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What Is Portal Hypertension?

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Updated April 28, 2014

What Is Portal Hypertension?

The hepatic artery supplies blood to the liver and the portal vein supplies blood from the digestive system.

A.D.A.M.
Portal hypertension is a condition caused by liver disease. It's a type of high blood pressure (hypertension), but instead of affecting the entire body, it mostly affects the portal veins leading from the intestines to the liver. It's a significant complication of alcoholic hepatitis and liver cirrhosis, and can cause swelling and bleeding.

Blood Flow through the Liver: How it Works

The liver receives blood from two sources. Fresh blood, coming from the heart, supplies the needs of the liver itself. Also, because the liver filters toxins and processes nutrients, blood from the intestines and other organs of the digestive system comes in via the portal vein. The blood in the portal vein flows directly into the liver and is able to interact with the hepatocytes (liver cells). The blood continues through the liver and returns to the heart and lungs through a different set of vessels -- the hepatic veins.

If the pathway to the liver from the intestines is blocked or slowed because of some obstruction, then the pressure increases in the portal venous system. This has been explained to me by imagining the portal venous system as a garden hose and the obstruction as a kink in the hose. You know from experience that pressure increases in the water. The same thing can happen in our bodies, except that, unlike the water hose, our veins can leak when pressure builds. This "leaking" is what contributes to ascitic fluid and is the cause of ascites, or fluid build-up.

What Causes the Obstruction?

Liver cirrhosis can cause extensive fibrosis. Fibrosis is the most common cause of portal hypertension, though there are several other causes (such as schistosomiasis, sarcoidosis and miliary tuberculosis). The intensive scarring of fibrosis obstructs the passage of fluids through the liver. Using our analogy above, the fibrosis is the "kink in the hose." The fibrosis surrounds the vessels within the liver which makes it more difficult for the blood to flow. As the blood and fluids try to filter through the obstructed liver, the pressure builds in the portal system, leading to further problems.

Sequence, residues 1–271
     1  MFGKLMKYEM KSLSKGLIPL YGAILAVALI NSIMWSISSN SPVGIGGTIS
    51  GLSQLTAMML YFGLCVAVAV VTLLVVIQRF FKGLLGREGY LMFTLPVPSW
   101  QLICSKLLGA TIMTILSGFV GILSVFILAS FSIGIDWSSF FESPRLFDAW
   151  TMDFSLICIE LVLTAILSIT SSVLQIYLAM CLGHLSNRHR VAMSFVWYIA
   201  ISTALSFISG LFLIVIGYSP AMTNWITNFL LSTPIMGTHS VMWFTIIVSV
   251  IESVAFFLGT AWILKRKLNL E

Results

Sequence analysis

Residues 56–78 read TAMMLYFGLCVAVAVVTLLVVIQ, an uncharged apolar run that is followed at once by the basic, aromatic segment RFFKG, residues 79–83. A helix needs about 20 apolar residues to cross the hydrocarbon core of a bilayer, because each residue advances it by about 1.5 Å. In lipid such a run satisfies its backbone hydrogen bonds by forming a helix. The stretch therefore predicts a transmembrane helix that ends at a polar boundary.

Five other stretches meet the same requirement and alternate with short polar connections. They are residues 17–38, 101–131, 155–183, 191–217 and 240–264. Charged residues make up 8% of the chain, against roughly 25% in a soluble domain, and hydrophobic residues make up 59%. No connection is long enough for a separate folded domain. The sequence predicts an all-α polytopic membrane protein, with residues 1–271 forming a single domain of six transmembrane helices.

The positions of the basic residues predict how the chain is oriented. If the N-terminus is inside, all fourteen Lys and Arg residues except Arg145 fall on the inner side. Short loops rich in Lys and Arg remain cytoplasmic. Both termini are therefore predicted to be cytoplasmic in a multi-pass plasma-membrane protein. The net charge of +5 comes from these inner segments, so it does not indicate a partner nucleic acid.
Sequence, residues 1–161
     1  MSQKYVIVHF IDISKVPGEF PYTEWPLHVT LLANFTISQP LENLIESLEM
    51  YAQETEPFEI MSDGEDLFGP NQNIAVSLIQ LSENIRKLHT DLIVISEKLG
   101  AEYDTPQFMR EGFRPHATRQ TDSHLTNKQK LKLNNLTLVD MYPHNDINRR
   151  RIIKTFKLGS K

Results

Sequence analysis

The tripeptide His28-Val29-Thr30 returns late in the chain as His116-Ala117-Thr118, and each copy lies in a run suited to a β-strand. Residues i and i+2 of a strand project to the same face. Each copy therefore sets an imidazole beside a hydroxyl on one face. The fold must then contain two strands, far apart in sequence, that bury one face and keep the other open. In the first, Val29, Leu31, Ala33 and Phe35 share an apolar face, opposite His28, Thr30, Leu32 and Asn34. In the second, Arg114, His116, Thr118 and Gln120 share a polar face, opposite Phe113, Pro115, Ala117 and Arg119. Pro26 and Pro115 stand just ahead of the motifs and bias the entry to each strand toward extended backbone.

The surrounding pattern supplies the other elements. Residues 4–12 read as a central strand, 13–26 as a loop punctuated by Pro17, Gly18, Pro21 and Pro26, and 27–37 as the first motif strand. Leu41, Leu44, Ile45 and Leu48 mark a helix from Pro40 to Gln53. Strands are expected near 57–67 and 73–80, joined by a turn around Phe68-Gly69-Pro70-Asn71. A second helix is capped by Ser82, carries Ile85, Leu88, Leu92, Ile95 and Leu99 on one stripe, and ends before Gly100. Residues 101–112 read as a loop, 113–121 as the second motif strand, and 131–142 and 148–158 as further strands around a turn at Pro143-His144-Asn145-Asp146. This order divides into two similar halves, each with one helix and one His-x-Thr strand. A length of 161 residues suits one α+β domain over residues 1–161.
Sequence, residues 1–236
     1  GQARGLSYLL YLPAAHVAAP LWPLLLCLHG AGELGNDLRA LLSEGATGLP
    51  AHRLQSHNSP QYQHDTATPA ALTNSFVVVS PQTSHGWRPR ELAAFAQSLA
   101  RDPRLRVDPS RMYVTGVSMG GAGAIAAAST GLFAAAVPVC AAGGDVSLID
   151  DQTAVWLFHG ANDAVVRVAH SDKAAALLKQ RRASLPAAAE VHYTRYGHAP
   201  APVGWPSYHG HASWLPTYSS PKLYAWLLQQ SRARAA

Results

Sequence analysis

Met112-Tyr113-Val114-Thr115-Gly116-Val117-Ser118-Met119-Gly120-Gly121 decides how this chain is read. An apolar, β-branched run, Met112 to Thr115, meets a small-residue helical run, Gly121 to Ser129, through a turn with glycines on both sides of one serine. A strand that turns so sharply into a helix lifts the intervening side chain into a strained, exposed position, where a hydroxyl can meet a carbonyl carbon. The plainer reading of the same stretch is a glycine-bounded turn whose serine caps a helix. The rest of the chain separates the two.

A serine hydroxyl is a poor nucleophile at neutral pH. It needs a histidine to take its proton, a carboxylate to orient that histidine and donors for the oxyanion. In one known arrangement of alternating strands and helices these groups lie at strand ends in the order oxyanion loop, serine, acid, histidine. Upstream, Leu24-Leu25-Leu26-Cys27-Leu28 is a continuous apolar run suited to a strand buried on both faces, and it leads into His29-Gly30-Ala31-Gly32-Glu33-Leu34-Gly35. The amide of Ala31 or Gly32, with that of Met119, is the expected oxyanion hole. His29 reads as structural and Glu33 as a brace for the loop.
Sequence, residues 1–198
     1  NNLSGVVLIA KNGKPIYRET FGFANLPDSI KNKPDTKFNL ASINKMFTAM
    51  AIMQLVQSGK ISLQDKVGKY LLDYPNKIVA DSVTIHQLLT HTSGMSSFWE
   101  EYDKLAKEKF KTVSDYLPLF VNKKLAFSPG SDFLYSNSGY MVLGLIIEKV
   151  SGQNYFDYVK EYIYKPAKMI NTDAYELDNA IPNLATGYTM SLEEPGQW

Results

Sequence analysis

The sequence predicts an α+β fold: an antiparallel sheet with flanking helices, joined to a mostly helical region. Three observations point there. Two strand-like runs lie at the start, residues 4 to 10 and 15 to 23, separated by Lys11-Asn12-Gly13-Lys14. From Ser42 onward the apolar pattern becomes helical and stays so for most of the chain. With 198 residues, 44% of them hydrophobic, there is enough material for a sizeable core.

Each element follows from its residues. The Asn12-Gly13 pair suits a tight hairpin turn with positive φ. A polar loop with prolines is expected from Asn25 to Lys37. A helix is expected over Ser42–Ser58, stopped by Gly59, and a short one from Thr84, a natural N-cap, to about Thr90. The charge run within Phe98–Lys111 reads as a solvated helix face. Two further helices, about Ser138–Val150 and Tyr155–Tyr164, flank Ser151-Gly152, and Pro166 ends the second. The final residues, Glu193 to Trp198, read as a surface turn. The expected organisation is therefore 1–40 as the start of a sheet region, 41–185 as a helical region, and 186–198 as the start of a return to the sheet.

What Are the Problems Caused by Portal Hypertension?

The most significant problems associated with portal hypertension are ascites (the accumulation of excess fluid within the tissues lining the organs and the abdominal wall) and varices (engorged veins along the esophagus, stomach or intestines caused by backed-up blood flow).

Varices are directly caused by portal hypertension. When the blood flow in the liver is obstructed, the blood can become backed up into the intersections of the portal venous system (the system of veins transporting blood between the digestive system and liver) and the systemic venous system (the system of veins that returns blood to the heart). The intersections of these two systems are small, fragile blood vessels called capillaries. These vessels are not able to withstand the increased blood pressure and become engorged or dilated. Such vessels can be seen along the surface of the esophagus or stomach during a procedure known as an endoscopy. They are fragile and at risk for bleeding.

Is Portal Hypertension Dangerous?

Yes, because portal hypertension can cause bleeding. In many cases, these bleeding episodes are considered medical emergencies because the mortality rate (number of people who die) from an active episode of bleeding varices is about 70%. Esophageal varices are very common in people with advanced cirrhosis and it is estimated that one out of every three people with varices will develop bleeding.

How Is Portal Hypertension Diagnosed?

Anyone with advanced cirrhosis will be monitored closely for developing portal hypertension, which is usually diagnosed by the presence of one or more of the following:
  • Thrombocytopenia
  • Splenomegaly (enlarged spleen)
  • Encephalopathy
  • Having one of the complications of portal hypertension (ascites and esophageal varices)

Sources:

Bacon, BR. Cirrhosis and Its Complications. In: AS Fauci, E Braunwald, DL Kasper, SL Hauser, DL Longo, JL Jameson, J Loscaizo (eds), Harrison’s Principles of Internal Medicine, 17e. New York, McGraw-Hill, 2008. 1976-1978.

Crawford, JM. Liver and Biliary Tract. In: V Kumar, AK Abbas, N Fausto (eds), Robbins and Cotran Pathologic Basis of Disease, 7e. Philadelphia, Elsevier Saunders, 2005. 883-885.

Shah VH, Kamath PS. Portal Hypertension and Gastrointestinal Bleeding. In: M Feldman, LS Friedman, LJ Brandt (eds), Gastrointestinal and Liver Disease, 8e. Philadelphia, Elsevier, 2006. 1899-1928.

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